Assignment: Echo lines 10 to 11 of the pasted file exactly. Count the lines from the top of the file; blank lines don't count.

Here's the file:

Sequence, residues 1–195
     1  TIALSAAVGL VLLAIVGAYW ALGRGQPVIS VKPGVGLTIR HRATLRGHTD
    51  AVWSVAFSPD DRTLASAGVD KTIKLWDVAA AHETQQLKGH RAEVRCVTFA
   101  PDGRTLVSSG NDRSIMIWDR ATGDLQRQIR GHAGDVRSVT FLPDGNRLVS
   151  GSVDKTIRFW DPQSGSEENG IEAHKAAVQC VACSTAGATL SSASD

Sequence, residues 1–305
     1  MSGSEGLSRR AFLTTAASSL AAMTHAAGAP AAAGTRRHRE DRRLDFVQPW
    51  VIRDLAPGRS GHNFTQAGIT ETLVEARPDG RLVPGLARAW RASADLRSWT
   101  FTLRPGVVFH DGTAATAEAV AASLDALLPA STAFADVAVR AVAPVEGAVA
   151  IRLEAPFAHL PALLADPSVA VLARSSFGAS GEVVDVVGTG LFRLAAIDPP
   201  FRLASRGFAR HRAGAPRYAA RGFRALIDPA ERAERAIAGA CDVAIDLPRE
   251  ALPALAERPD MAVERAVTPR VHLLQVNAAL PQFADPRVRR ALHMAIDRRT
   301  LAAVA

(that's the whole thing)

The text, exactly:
   151  IRLEAPFAHL PALLADPSVA VLARSSFGAS GEVVDVVGTG LFRLAAIDPP
   201  FRLASRGFAR HRAGAPRYAA RGFRALIDPA ERAERAIAGA CDVAIDLPRE